Very good issue raised. As a resident of Kaushaltar on Arniko Highway, I have fond childhood memories of trolley-bus. During those childhood years, we used the post offices to see if they really bring letters to home. I still feel sad when I see the dilapidated remaining of the Hetauda-Kathmandu Ropeway and railway track of the Bhaktapur Brick Factory. Its really sad that they only exist in memory. To revive them to earlier state would be near-impossible but to work our something out of them will not be impossible - they are the history and histories should be preserved even though only as a museums.

Also important is that there should be scientific studies on why they failed. The findings not to punish the culprits (we have hard time punishing murderers in this country, forget about corrupt officials) but for knowledge so that if (and hopefully) there is someone good, it would be handy to handle other such entities. 

2. dhedubadar
Recently I read a speech of one Latin American Mayor who said something like this : - "A developed country is not where poor people own cars but where rich people use public transport". Development is measured by how effective and available the public service sectors are in a country.
As a child growing up in Kathmandu, I have fond memories of simple joys like riding the trolly bus and marveling looking at its automated doors, dropping an aerogram at a bright red "patra manjusa" with yellow roof with a gajur, and watching in awe the "not so forceful " jet of water streaming off a fire hydrant and it creating a small stream on the street.

After 1990 our politicians have left no stone unturned when it comes to criticizing the past governments at their undemocratic ways but have leeched these public institution including trolly bus, sajha bus, Nepal name it, into fragility and oblivion.

Quality and latitude of public service in a country is probably one of the best measurement of how developed and robust a country is. And for a country like ours that already has had the foundations built its no rocket science to improve them. We just need folks who are there to govern in the government but alas for the last 20 years the government has been captured by those whose only intention, it seems, is only to suck it dry.

3. Raj
Stupid politicians that worry about supposedly big ideological and national issues will never care about public services such as effective and efficient transportation. Kathmandu needs local elections.NOW. Livability in Kathmandu will remain an unfulfilled dream until we have accountable elected local leadership that will manage our public services.

4. Manit
These have become nostalgic memories in our minds.. And I am sure we know the essence of these amenities. Every thing's dead. Recently read about the trolley bus used as a fast food joint on ekantipur.. this was interesting to read but very SAD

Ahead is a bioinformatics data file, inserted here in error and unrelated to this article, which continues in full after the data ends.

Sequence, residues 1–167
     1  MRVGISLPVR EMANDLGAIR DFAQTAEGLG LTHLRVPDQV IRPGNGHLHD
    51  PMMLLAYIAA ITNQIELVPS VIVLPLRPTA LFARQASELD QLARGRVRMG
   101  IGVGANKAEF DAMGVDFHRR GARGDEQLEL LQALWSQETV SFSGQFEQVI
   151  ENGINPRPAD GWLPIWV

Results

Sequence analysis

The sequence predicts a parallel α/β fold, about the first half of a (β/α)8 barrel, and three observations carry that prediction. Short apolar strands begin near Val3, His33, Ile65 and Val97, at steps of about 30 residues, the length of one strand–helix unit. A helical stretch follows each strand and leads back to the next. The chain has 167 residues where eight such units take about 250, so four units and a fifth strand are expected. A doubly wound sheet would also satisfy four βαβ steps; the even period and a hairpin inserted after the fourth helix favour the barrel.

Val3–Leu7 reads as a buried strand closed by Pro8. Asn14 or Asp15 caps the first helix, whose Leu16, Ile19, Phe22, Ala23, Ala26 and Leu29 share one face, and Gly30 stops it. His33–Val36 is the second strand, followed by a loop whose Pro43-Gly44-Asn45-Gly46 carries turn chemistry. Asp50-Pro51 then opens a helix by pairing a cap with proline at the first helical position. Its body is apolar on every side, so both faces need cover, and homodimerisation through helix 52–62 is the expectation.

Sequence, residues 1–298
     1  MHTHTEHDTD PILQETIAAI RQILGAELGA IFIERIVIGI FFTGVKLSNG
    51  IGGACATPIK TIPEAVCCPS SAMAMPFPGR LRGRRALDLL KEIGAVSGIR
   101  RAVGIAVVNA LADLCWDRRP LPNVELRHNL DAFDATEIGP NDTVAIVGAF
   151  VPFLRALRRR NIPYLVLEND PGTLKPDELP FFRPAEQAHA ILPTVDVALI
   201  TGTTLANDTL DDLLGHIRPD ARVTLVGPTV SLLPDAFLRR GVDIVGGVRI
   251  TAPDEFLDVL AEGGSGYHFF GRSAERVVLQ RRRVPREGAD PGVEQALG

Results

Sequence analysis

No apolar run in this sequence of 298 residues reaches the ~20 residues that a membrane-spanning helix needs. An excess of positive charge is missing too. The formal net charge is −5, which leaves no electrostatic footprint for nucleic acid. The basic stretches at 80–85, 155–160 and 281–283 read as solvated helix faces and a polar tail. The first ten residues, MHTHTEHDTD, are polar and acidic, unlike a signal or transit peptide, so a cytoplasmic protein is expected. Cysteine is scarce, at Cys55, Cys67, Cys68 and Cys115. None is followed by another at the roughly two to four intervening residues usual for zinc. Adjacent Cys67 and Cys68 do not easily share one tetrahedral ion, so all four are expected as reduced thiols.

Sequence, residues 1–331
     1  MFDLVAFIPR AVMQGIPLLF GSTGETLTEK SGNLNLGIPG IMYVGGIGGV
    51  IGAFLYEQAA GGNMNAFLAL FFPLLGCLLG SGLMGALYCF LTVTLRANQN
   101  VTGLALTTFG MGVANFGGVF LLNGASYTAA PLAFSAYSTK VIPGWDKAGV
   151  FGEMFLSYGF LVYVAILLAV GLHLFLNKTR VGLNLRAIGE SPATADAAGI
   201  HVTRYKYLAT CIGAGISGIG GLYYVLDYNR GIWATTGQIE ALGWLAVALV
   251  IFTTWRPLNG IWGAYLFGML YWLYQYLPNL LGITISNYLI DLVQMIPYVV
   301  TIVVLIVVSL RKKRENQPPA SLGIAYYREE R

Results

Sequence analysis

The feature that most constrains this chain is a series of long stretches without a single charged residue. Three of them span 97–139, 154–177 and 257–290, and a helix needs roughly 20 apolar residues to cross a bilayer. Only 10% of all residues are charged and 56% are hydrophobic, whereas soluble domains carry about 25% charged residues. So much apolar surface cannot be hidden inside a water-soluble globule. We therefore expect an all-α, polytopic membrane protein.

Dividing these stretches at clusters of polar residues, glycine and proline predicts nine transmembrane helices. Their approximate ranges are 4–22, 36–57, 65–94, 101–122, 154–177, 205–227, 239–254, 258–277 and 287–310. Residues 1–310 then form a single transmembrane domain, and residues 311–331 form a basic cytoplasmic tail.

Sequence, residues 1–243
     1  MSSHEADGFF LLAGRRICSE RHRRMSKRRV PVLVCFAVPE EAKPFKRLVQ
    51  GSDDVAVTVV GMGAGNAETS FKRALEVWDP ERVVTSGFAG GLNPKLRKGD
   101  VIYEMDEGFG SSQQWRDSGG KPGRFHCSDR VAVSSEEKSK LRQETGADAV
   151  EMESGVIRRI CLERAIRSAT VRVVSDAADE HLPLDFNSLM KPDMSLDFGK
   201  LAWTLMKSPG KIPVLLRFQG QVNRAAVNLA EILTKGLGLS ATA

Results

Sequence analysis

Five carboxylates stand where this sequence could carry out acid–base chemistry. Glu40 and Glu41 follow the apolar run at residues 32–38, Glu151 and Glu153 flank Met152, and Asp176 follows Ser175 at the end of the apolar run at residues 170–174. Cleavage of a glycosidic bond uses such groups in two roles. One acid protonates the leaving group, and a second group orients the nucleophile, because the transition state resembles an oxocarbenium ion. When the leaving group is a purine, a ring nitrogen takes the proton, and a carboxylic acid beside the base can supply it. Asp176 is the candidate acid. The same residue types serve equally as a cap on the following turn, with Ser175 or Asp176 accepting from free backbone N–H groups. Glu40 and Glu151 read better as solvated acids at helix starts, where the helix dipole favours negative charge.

5. Nirmal
In Nepal neither small problems like the ones above that could be noticed just by looking have solutions because the responsible authorities turn blind eyes before them nor big problem -the never ending transitional period- arrives to any conclusion no matter how many eyes have amplified view on it.

6. Nepali
What we could expect from those greedy politicians - ministers who's only got eyes on the seat but not for the development of the country. They do only know dharnas, bandh and what could be expected from those foolish illiterates where some ministers are not even SLC passed. Shame on u politicians. Open ur eyes wide for the progress ok. 

7. Tashi Lama
Vanishing public services had been seen in materials only but not the vanishing public property and money, if we look back into these matters in Nepal, it is very disgusting to see how corrupted and bad governance in Nepal had been since the Shah's, Rana's and Panchayati's rule under the name of HMG of Nepal.

We don't have to look further and deeper, just look at the comparison of RNA Royal Nepal Airlines and the Thai Airways, both these airways nearly started on same period of time. At present RNA or Nepal Airways has only two air crafts left in service, forget of any profits made, But Thai Airways at present has hundreds of air crafts in service world wide with profits of billions of Dollars. None speaks of this conspiracy of RNA's failure, which is mainly caused by mismanagement and the corruption by authorities of RNA and Nepal government past and of present. The rulers and authorities of Thailand, a Buddhist nation truly showed it's morality of honesty and loyalty to it's country by working hard and honestly, this fact should be understood by all Nepalese. Too much lies and corruption by rulers and authorities of Nepal had created all this chaotic situation in Nepal at present. If Nepal had been a Buddhist nation, I think we don't have see such  situation which we see in today's Nepal!

Down with narrow minded and corrupt officials of Nepal!   

(11 JAN 2013 - 17 JAN 2013)